Spot checks by Johor MB producing desired results


Onn Hafiz (second from left) checking on the condition of a road.

Council heads and state directors should follow Onn Hafiz’s lead by inspecting maintenance of infrastructure and public amenities

WHEN Johor Mentri Besar Datuk Onn Hafiz Ghazi took office in March this year, he started carrying out spot checks along major roads in Johor Baru, Pasir Gudang, Kulai and other areas to find out about the problems faced by the rakyat.

He also carried out checks at Johor Baru’s general hospital (Hospital Sultanah Aminah) which had bad road problems, and inspected the Bangunan Sultan Iskandar Customs, Immigration and Quarantine (CIQ) complex which was plagued with various issues such as faulty lifts, escalators and autogates.

All these are public amenities used by thousands of people daily.

Onn Hafiz was praised on social media as no other mentri besar had taken such drastic action in recent years to address the people’s woes.

One burning question on everyone’s mind though: why did the Mentri Besar have to go to the ground in the wee hours of the day to look into infrastructure and amenities issues affecting the rakyat?

What has happened to the local authorities or concessionaires tasked with maintaining public roads and amenities?

Each year, Johor is allocated hundreds of millions of ringgit for road projects along with a huge sum to maintain public amenities.

Are these funds being put to good use? Who oversees this and are there proper checks and balances in the process?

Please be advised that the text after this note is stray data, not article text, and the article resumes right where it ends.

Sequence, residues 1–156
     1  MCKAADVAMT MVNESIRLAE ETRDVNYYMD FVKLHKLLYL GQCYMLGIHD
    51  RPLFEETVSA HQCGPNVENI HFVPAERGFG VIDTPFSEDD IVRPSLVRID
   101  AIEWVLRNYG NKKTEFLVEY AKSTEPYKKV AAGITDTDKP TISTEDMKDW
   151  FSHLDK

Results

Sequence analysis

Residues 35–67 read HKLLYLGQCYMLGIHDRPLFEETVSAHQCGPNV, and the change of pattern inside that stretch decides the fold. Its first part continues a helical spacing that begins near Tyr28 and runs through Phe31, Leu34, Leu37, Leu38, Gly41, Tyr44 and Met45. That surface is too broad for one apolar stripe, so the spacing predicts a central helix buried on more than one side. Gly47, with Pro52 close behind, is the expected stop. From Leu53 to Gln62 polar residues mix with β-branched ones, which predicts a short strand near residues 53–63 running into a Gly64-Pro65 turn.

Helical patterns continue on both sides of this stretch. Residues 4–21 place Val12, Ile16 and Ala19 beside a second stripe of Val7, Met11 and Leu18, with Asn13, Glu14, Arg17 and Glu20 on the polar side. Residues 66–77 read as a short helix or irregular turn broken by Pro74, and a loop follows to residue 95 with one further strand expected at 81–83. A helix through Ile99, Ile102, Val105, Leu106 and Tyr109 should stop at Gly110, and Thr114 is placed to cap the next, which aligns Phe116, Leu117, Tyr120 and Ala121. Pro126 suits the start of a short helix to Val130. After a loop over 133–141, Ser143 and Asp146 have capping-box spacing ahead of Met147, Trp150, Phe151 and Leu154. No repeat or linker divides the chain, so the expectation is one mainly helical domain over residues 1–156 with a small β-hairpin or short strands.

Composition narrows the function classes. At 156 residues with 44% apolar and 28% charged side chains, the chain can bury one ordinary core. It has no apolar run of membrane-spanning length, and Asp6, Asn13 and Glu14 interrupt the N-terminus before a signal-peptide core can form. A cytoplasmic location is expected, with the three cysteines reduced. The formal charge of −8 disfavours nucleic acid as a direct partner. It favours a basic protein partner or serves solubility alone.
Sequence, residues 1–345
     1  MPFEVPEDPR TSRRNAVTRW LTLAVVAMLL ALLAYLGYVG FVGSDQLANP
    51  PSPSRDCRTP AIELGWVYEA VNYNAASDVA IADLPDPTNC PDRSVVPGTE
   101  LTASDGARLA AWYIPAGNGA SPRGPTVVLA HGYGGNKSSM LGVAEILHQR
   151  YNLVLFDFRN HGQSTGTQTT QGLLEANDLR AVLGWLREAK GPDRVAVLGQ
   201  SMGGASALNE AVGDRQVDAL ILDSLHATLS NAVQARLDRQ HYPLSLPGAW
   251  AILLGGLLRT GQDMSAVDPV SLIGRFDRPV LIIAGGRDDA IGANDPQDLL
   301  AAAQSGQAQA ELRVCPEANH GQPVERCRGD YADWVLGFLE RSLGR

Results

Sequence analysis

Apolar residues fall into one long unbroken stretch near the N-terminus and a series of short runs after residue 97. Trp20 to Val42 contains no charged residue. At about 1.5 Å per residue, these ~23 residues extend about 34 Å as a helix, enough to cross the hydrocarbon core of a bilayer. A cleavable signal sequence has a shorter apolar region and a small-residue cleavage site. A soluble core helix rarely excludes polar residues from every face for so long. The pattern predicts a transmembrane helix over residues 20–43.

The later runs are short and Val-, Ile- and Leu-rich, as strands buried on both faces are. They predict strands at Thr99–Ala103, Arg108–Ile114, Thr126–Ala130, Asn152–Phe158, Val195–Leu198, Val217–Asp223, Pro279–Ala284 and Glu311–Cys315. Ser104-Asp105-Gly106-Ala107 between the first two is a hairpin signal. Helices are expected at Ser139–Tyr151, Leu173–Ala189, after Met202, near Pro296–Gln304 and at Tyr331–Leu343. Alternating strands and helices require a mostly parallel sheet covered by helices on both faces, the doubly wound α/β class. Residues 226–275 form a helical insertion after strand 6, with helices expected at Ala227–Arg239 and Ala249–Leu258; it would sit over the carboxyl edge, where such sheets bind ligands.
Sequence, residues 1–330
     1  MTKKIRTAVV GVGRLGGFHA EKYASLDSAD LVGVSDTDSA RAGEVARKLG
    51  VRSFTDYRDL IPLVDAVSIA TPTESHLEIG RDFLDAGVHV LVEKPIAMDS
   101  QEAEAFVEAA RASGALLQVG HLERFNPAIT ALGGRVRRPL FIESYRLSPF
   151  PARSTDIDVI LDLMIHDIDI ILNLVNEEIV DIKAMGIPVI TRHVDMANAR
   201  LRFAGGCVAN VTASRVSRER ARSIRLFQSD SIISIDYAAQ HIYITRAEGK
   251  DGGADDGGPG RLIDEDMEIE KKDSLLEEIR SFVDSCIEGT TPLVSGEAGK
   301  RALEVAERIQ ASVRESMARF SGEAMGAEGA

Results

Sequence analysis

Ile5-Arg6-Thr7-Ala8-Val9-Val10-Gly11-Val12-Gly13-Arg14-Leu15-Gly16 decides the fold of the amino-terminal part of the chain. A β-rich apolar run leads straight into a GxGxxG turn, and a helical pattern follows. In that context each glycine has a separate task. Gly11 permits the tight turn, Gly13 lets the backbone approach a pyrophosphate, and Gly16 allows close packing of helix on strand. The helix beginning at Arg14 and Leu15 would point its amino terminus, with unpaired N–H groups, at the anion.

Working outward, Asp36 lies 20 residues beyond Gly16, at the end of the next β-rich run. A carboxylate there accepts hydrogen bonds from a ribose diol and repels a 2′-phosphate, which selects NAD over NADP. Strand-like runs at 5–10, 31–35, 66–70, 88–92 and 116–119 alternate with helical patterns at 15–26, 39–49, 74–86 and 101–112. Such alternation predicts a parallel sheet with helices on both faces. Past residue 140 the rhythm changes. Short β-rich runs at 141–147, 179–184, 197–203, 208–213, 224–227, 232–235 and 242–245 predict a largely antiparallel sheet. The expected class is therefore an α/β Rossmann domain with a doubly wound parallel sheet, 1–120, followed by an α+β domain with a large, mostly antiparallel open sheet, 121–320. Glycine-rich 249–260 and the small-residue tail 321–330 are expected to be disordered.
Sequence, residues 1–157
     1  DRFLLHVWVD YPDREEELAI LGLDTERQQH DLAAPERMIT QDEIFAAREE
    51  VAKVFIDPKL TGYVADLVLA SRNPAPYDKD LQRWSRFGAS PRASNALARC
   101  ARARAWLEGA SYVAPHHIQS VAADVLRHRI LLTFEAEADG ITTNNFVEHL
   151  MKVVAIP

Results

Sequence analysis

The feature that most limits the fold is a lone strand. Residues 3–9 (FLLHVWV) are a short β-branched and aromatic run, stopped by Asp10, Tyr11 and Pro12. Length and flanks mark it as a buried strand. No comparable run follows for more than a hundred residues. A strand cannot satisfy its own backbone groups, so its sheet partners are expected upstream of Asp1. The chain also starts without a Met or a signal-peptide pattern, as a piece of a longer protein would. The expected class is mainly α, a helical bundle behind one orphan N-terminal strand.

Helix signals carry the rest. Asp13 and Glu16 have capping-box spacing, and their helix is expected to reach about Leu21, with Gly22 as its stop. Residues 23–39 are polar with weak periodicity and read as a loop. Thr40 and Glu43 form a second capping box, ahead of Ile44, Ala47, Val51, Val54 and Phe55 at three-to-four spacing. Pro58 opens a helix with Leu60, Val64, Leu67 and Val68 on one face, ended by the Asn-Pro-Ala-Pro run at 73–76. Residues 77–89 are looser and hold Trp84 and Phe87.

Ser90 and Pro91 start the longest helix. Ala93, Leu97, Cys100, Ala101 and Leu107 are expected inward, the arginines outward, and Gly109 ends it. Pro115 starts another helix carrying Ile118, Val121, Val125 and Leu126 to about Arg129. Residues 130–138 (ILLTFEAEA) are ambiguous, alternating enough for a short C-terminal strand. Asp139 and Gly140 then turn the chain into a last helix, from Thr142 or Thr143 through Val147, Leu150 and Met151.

During my recent exclusive interview with Onn Hafiz at his office in Kota Iskandar, he said that his actions were not to punish or blame anyone.

He seemed rather upbeat because ever since he started carrying out such checks, agency directors had followed suit especially concerning public transport.

Spot checks are a step in the right direction but getting everyone on board, especially all 16 local councils, road concessionaires and the Johor Civil Service, is no easy task.

This will require a serious mindset change among civil servants. It needs to be a joint effort if this is going to succeed in the long term.

When I was first posted to Johor Baru many years ago, some of my friends teased me, saying that the city was known as jalan berlubang (roads riddled with potholes).

Over the years, much has improved in terms of road condition but more needs to be done, especially with regard to improving and upgrading Johor’s infrastructure.

There are still many stretches of roads around Iskandar Puteri, Johor Baru, Jalan Tebrau, Jalan Skudai and Pasir Gudang, that are in of need proper lighting at night.

Many light bulbs have to be replaced too as they are not functioning or merely flicker at night.

The annual monsoon season is around the corner and besides causing hardship to thousands of people in many low-lying areas statewide, floodwaters are notorious for causing widespread damage to infrastructure projects mainly roads and bridges.

Potholes have started reemerging along some of major roads which were patched up in the past few months.

The time has come for the state government to come down hard on those using sub-standard materials or carrying out shoddy maintenance work, as it is the people who are at the receiving end.

The state should not be afraid to terminate such contractors or even lodge reports with the Malaysian Anti-Corruption Commission (MACC) on possible corrupt practices.

All local councils and concessionaires should also be directed to carry out daily patrols to ensure potholes are immediately patched up as they pose danger to road users especially motorcyclists during downpours.

With the number of requests for spot checks – especially on badly-maintained roads – increasing on his Facebook page, I am sure our Mentri Besar will need to allocate time for this in the coming weeks.

The writer welcomes feedback via nelson@thestar.com.my

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